Scheffler has racked up a pair of top-20 results in his first two trips to Augusta and could certainly keep this outrageous heater going with another strong performance, but I’ll take my chances with the Aussie in this matchup.

The Masters Tournament Event Details

  • Dates: Thursday, April 7 - Sunday, April 10, 2022
  • Course: Augusta National Golf Club
  • Course Dimensions: Par 72 (7,475 yards)
  • 2021 Masters Winner: Hideki Matsuyama
  • How to Watch: ESPN/CBS


John Arlia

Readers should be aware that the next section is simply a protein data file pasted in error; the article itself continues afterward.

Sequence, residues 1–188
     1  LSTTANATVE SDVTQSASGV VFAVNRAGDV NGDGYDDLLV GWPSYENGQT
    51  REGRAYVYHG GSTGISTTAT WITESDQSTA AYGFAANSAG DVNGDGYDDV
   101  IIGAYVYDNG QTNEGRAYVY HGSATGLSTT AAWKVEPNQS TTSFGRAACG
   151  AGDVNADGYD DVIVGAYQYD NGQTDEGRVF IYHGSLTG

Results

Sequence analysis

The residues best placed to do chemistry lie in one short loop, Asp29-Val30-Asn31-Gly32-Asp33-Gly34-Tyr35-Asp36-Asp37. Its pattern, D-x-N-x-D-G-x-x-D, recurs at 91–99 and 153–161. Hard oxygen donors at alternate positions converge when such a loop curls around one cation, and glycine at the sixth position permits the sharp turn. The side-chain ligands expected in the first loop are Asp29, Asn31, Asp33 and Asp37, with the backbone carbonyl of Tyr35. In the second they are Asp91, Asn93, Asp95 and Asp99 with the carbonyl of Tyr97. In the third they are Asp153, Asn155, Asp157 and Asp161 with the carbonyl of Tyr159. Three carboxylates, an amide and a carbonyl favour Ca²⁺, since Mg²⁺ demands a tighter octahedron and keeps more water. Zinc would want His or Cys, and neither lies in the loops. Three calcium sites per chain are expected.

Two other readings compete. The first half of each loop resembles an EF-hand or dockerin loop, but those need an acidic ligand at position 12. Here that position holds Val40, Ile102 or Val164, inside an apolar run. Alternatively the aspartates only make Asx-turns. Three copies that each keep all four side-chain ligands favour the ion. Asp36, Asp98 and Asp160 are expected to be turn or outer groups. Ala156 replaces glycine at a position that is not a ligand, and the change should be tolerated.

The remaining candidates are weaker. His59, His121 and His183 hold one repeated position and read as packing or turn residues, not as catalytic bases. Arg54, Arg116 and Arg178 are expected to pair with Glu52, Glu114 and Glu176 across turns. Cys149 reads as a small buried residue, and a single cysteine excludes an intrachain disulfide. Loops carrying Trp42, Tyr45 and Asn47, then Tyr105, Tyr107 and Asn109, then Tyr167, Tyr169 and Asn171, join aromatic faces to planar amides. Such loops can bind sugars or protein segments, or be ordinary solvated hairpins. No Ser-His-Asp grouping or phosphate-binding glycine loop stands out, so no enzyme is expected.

Before joining The Game Day, John served as the National Writer for the United Soccer League, where he primarily covered the USL Championship out of the league’s headquarters in Tampa, FL. A devout soccer fan, John attended the men’s World Cups in Brazil and Russia and can’t wait for the 2026 edition to come to North America. Having also written for Sporting News Canada since getting his master’s from the Walter Cronkite School of Journalism at ASU, John has acquired a diverse sporting background, but considers football, golf, and soccer his three strong suits.